Process Puzzler: Sidestep a Scale-up Scare

Readers grapple with a reactor production change.

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Even though bench-scale tests show that adding all the monomers at once may be OK, it will be unsafe to directly implement it in the actual plant reactor. This will be mainly due to inadequate mixing and hence very high localized reaction rates in certain parts of the reactor. This situation may pose problems with reaction temperature control and hence may lead to a possible runaway reaction (due to exothermic nature of the reaction).

The best way to tackle this problem is to increase the monomer addition rate to maximum possible value (with present reactor and cooling system design) in small steps. Each time increase the monomer addition rate by a small step based on actual reaction controllability and product quality. If successful, increase the monomer addition rate further with a careful eye on the reaction controllability and product quality.
C. C. S. Reddy, lead process design engineer
Singapore Refining Company Pte. Ltd., Singapore

The process manager has a right to be concerned. As many others will mention, the surface area to volume ratio will change as reactor size increases. For a process that is cooled by a jacketed shell (surface cooling), the relative cooling capacity will decrease as a reactor gets larger. For this reason the results of a bench-scale test may not be an accurate predictor in a larger reactor. The other complication in this scenario is the fact that it’s an exothermic polymerization. As the reaction proceeds the increase in viscosity will hinder cooling at the same time the evolved heat will increase the reaction rate. This can lead to a runaway reaction. It would be best to proceed to the final goal of all monomer in at once in small steps with careful monitoring. One potential way to monitor this is to measure the heat removal from the jacket and the top-mounted condenser separately. The top-mounted condenser would be a faster indicator of heat evolution because it cools the boiled solvent, which is an indicator of the bulk temperature. One potential approach would be to see if it would also be possible to temporarily decrease the polymer concentration to help mitigate the effects of viscosity on cooling.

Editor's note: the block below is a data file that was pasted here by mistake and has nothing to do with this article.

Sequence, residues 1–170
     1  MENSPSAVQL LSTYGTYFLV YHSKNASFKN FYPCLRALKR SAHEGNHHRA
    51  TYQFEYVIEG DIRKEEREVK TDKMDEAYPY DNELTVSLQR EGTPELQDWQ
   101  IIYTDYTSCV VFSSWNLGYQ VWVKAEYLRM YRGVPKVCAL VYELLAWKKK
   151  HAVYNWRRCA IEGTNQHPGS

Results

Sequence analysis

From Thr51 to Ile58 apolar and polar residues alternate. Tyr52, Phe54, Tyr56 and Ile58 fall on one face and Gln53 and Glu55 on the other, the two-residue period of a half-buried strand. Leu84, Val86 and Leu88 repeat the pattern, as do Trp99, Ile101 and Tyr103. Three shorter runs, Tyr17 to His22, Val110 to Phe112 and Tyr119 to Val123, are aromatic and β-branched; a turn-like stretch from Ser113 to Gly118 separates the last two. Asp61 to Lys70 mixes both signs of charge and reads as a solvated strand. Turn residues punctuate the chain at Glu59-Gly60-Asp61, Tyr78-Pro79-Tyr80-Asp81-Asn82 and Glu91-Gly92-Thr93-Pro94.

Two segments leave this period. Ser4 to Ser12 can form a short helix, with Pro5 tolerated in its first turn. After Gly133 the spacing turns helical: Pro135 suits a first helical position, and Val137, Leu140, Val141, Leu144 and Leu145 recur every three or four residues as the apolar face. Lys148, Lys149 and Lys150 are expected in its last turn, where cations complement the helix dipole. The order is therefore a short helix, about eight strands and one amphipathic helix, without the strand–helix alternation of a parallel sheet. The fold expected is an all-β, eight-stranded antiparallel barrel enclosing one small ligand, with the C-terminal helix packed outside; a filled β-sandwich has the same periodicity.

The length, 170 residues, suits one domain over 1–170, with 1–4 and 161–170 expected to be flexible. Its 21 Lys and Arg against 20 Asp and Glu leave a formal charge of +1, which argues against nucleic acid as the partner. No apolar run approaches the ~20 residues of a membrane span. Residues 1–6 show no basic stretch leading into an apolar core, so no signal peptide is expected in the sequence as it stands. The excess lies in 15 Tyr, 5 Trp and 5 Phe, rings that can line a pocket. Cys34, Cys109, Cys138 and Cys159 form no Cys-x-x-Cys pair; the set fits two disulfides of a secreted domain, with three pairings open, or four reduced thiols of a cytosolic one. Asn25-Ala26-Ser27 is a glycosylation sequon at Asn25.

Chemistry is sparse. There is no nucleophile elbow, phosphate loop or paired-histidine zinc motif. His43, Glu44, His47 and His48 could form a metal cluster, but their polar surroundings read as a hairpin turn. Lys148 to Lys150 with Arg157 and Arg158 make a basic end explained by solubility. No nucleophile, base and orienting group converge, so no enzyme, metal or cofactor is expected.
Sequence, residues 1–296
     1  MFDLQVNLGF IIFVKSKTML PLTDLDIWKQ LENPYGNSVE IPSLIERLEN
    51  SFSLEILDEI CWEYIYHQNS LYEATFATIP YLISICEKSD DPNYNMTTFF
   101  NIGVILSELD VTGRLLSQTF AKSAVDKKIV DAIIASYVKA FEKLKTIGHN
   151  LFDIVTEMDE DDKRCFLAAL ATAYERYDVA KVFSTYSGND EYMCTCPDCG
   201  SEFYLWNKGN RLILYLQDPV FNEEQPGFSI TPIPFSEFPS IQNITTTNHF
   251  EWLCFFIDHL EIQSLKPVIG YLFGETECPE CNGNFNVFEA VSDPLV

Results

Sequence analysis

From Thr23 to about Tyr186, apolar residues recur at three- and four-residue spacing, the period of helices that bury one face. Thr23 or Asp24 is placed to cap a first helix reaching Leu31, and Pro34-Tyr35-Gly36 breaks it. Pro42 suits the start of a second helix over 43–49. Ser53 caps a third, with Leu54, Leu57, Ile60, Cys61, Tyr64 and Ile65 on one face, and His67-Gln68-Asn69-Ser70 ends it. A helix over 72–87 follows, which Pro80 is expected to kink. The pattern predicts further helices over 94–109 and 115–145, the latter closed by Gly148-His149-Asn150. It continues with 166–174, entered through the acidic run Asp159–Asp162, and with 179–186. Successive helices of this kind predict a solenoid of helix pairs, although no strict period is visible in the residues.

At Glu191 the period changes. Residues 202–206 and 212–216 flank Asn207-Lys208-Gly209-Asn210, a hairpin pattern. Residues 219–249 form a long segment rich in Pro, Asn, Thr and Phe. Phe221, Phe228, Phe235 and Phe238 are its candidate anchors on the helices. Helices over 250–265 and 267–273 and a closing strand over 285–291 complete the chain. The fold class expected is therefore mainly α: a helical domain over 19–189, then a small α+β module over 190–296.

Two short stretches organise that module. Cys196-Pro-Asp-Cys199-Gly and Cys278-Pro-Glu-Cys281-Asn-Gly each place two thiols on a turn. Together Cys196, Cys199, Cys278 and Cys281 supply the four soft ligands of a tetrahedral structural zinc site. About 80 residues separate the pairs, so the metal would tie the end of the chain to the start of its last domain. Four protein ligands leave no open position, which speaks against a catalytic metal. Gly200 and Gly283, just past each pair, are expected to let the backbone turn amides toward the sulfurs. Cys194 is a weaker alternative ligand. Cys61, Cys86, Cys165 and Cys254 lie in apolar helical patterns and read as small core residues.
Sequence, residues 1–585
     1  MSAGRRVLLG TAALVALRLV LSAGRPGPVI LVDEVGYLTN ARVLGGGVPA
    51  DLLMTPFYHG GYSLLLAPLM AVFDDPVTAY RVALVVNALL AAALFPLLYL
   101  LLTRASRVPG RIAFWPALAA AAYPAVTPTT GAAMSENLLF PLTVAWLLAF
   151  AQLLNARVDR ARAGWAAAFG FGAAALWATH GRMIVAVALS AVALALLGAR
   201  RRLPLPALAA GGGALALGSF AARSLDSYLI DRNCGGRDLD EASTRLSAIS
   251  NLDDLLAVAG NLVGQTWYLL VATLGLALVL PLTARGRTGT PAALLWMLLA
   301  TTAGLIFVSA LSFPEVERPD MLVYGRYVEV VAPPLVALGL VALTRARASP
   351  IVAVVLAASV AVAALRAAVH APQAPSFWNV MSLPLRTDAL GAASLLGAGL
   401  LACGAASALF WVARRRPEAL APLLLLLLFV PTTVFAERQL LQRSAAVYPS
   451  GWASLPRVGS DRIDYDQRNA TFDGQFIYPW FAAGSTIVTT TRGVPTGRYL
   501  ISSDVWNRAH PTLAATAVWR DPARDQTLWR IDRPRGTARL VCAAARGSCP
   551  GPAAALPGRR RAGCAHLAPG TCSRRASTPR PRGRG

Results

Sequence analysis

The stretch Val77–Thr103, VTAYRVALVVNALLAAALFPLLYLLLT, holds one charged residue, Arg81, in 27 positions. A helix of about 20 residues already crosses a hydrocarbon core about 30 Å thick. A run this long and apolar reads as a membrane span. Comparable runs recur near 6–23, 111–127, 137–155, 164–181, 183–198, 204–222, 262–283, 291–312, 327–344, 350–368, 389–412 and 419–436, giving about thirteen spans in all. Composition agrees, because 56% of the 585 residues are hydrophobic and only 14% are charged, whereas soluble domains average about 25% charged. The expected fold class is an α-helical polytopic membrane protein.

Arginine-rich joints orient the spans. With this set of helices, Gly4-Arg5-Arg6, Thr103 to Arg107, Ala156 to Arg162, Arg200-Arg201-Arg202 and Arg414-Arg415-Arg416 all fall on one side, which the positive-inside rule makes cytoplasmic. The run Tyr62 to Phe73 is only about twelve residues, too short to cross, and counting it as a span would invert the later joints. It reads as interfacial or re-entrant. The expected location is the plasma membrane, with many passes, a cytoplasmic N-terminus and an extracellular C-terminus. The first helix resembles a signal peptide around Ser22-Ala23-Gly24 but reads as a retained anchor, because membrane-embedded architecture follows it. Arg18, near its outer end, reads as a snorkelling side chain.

Rob Vermeulen, engineer
Metron Technology, Boulder, Colo.

Changing from semi-batch, by slowly adding monomer, to batch, by charging all the monomer at once, can be dangerous. In semi-batch mode, a limited amount of energy in the form of unreacted monomer is available at any point in time. In batch mode, the entire energy release of the reaction is available at once. Should the reaction proceed adiabatically, as it would in the case of loss of cooling or reflux, the final temperature and therefore pressure due to the vapor pressure of the final mixture could be quite high. The elevated temperatures will also greatly increase reaction rate. Worse, at this elevated temperature, exothermic or gas-producing decomposition reactions may initiate, exacerbating an already bad situation. Before instituting batch-mode production, you must: 1) quantify the heat of reaction for the desired reaction; 2) determine the final temperature and pressure (due to vapor pressure) if the reaction should occur adiabatically; and 3) test the final product for thermal stability from room temperature up to the maximum achievable adiabatic temperature rise. If the final temperature or pressure of the adiabatic reaction exceeds the vessel’s design capacity or if thermal stability testing shows a decomposition reaction, adequate emergency relief must be designed for the system (as the existing emergency relief system my not be adequate). This will likely require testing in an accelerating rate calorimeter or vent sizing package testing to obtain maximum rates of temperature and pressure rise, as well as consideration of two-phase relief flow.
John C. Wincek, process safety manager

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